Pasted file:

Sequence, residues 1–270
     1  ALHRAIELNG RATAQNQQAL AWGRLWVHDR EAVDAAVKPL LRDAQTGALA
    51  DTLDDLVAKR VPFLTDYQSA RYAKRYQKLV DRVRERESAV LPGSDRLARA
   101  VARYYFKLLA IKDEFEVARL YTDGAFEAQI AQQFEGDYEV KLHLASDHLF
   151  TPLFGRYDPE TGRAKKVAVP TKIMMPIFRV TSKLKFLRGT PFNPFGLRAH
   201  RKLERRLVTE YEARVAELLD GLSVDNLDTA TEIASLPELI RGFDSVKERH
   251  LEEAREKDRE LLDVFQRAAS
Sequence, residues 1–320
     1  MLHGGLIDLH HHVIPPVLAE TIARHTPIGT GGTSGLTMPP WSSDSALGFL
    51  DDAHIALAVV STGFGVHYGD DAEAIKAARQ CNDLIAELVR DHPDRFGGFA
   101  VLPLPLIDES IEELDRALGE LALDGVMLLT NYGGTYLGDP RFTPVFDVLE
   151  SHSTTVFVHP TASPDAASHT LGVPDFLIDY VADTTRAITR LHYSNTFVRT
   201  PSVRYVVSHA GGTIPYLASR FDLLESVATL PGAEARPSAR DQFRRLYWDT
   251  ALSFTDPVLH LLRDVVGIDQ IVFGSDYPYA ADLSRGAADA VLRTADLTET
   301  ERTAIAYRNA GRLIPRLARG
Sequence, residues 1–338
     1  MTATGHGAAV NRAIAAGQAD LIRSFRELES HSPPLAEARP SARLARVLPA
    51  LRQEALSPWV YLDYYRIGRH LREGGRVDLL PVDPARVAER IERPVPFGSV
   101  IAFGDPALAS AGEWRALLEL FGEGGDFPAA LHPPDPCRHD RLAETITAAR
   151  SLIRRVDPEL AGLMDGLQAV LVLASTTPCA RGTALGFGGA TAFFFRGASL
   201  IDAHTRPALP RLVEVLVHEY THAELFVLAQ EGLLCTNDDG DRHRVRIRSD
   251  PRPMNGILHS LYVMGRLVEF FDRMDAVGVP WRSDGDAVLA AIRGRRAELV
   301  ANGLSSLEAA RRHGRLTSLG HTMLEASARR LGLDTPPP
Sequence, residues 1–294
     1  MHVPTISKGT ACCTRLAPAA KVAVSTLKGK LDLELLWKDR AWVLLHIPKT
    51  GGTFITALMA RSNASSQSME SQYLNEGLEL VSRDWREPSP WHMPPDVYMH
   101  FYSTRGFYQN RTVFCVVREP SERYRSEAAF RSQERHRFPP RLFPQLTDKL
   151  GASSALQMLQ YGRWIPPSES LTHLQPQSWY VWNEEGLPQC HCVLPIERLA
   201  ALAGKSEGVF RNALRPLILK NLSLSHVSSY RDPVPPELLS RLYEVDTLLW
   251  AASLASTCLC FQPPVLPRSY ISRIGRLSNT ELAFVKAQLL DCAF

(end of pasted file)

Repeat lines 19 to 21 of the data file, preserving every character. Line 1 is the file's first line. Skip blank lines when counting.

   101  IAFGDPALAS AGEWRALLEL FGEGGDFPAA LHPPDPCRHD RLAETITAAR
   151  SLIRRVDPEL AGLMDGLQAV LVLASTTPCA RGTALGFGGA TAFFFRGASL
   201  IDAHTRPALP RLVEVLVHEY THAELFVLAQ EGLLCTNDDG DRHRVRIRSD